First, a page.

As the creators of Plant-Based Juniors, we’re here to ease your fears! Plant-based diets – whether vegan, vegetarian, or predominantly plant-based, are perfectly healthy for kids. As long as parents make sure their babes get enough of certain key nutrients, kids can absolutely thrive on plant-based diets.
In our new ebook, PBJs: First Bites, we outline everything you need to know about plant-based nutrition for kids and include 20 delicious recipes that incorporate these nutrients of concern using an approach known as “baby-led weaning” (BLW). BLW introduces infants to solid foods without the use of purees. Research shows it may help kids form a healthier relationship with food than a more traditional approach.
Whether or not you choose to do BLW or go fully plant-based, you’ll still want to make sure your little one is getting the nutrients they need. Here’s a primer from our book on five nutrients that parents should aim to optimize in their children’s diets.
5 Important Nutrients For Plant-Based Babies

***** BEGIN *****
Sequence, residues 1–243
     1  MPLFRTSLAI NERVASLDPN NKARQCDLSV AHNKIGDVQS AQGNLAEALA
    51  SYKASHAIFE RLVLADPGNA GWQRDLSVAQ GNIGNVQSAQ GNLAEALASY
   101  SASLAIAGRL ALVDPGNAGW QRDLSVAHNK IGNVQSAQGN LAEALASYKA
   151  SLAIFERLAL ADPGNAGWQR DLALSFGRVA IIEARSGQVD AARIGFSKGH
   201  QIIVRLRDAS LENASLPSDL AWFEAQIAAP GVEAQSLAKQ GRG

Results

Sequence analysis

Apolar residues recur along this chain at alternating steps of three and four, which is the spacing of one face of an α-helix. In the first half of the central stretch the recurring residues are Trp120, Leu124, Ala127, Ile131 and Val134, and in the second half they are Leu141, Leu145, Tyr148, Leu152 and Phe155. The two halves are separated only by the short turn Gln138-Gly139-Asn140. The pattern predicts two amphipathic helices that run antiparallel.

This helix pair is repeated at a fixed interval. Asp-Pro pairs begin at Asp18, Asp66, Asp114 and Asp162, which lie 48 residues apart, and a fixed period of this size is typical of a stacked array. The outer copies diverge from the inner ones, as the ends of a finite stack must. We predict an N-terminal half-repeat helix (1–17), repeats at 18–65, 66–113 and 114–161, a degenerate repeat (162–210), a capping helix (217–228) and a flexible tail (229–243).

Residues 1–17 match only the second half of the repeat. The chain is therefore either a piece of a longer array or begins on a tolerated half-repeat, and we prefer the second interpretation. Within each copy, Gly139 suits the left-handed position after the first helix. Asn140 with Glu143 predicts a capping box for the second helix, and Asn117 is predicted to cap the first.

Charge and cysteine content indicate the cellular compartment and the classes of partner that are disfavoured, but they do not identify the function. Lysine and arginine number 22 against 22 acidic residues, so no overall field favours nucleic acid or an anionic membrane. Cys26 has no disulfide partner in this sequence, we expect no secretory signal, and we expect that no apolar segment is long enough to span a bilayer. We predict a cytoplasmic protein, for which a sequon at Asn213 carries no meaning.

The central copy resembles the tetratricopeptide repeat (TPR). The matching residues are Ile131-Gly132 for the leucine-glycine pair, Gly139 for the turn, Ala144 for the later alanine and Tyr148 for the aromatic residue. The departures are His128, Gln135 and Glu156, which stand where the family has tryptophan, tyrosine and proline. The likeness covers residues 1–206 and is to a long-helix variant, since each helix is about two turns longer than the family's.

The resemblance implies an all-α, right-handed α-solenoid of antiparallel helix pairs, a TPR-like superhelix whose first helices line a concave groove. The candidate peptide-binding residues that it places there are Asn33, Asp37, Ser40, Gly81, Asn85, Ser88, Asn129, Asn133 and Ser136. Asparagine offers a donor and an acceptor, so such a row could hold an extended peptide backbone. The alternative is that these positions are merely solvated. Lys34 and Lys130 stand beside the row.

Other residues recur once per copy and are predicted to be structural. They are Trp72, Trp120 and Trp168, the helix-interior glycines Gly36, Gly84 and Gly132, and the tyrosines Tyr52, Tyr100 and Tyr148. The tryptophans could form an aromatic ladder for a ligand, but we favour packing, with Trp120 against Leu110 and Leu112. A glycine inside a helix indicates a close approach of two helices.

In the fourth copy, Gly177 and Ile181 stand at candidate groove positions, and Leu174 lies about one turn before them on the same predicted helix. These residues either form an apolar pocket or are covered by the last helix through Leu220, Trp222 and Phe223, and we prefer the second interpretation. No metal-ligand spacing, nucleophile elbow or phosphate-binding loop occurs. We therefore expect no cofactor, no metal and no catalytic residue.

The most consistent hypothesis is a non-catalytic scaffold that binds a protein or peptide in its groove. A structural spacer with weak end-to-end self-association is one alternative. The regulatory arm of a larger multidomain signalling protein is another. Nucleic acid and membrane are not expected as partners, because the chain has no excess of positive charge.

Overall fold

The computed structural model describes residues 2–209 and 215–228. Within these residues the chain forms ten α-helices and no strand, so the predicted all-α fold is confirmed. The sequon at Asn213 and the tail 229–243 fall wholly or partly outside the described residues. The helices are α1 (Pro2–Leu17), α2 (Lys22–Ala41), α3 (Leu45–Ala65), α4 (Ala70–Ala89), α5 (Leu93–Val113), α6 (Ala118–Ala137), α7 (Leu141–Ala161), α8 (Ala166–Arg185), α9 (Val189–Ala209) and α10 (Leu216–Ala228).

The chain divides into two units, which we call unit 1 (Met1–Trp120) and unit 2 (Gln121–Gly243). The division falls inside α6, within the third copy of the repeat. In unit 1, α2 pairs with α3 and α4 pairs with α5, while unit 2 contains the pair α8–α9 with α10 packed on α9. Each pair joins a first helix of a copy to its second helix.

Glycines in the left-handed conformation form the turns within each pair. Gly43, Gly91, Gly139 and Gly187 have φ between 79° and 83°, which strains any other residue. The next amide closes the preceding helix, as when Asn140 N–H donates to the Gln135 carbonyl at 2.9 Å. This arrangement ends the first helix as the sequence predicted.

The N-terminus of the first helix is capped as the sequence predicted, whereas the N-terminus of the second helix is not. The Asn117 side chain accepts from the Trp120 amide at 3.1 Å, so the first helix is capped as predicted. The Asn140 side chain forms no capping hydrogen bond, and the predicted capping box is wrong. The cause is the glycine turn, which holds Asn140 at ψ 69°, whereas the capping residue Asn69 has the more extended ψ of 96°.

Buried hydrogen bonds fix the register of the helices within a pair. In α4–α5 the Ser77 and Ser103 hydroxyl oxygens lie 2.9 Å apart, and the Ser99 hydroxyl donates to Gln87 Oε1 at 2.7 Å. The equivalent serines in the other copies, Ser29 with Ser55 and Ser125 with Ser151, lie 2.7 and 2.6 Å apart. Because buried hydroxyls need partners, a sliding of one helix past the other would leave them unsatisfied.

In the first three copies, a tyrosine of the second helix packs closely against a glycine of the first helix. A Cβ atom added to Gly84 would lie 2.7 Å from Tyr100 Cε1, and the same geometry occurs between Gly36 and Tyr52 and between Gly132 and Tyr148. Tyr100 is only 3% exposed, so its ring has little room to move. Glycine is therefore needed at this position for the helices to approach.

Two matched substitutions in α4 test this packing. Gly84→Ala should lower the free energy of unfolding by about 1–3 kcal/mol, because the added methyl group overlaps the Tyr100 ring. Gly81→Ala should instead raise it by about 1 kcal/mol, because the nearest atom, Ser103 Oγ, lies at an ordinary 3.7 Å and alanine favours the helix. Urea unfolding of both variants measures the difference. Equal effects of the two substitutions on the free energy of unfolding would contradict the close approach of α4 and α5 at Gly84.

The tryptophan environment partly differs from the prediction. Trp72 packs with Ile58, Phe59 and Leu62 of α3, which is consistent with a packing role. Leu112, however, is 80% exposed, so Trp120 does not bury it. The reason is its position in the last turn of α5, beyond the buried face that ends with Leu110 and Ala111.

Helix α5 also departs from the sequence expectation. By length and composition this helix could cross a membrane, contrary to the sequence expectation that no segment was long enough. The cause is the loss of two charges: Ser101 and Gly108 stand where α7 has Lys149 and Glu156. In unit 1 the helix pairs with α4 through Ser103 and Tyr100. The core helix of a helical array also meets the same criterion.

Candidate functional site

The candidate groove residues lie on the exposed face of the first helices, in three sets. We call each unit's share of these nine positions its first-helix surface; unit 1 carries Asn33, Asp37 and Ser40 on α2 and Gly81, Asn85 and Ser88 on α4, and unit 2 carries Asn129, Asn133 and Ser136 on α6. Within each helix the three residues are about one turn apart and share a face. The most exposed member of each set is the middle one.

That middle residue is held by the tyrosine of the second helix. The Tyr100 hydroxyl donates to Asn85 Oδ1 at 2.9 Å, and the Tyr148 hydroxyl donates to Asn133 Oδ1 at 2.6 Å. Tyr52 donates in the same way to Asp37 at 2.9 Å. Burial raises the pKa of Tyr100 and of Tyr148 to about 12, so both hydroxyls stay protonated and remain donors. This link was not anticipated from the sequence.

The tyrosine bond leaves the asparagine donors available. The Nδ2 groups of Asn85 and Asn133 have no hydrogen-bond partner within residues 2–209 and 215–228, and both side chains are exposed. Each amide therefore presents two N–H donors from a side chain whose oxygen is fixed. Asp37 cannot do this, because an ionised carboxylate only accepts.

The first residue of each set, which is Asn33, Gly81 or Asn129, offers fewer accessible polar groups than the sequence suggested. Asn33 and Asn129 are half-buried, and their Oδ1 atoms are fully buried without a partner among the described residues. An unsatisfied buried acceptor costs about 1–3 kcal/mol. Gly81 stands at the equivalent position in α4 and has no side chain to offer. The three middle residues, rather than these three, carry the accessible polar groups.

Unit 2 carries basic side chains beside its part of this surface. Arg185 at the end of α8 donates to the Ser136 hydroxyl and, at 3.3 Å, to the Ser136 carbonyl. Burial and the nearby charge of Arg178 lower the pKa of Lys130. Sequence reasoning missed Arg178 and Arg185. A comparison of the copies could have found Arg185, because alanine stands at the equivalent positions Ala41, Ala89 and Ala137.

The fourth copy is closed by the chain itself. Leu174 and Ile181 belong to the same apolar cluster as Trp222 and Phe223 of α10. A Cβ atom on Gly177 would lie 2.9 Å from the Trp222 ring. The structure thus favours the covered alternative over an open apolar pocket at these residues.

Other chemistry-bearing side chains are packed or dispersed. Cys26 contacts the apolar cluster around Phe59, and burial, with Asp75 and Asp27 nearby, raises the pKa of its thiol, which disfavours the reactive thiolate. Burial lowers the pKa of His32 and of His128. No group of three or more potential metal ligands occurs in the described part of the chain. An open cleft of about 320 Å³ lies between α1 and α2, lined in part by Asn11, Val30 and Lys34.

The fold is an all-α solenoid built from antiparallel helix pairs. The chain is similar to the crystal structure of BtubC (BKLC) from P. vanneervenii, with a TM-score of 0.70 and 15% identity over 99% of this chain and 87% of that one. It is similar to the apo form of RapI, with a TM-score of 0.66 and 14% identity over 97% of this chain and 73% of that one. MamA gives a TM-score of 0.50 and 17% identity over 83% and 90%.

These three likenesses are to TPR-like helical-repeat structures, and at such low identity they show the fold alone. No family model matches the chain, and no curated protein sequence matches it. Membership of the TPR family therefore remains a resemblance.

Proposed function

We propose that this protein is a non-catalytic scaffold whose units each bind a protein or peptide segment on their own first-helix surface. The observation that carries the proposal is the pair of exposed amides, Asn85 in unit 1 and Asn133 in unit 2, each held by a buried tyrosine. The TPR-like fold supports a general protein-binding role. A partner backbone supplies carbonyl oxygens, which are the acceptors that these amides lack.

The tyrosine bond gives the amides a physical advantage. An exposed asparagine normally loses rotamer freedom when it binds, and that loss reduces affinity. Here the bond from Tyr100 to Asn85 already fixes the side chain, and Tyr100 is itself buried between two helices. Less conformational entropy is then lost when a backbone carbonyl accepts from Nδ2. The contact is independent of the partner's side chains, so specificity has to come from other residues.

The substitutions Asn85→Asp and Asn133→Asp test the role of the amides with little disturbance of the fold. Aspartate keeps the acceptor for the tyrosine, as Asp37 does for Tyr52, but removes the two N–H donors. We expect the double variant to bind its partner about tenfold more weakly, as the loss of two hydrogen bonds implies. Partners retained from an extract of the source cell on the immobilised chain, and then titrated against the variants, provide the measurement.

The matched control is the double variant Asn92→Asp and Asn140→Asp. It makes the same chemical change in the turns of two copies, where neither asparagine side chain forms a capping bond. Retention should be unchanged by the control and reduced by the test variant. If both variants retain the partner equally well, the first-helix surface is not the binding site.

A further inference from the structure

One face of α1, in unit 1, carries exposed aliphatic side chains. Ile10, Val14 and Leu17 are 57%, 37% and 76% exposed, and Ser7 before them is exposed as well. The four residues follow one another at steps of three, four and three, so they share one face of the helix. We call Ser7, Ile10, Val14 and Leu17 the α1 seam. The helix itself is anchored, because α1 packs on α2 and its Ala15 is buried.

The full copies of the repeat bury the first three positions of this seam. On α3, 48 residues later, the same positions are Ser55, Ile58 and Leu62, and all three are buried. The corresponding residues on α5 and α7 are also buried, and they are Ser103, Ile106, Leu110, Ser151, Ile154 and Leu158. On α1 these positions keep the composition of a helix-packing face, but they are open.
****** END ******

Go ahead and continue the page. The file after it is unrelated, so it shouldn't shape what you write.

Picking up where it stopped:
Iron is an extremely important nutrient for kids. It’s a main component of red blood cells, which are responsible for carrying oxygen to the cells. It’s also involved in energy production and immune function. Babies who are iron-deficient may end up with slow weight gain, pale skin, low appetite and irritability.
Infants accumulate iron in utero, but by six months, breastfed babies need to start getting it from food.
While plants have plenty of iron, the type of iron found in plants isn’t as bioavailable as that found in meat, therefore vegans and vegetarians need to eat a little more than meat-eaters. They should also aim to consume iron-rich foods with a source of vitamin C, which can boost absorption by 5 to 6 times!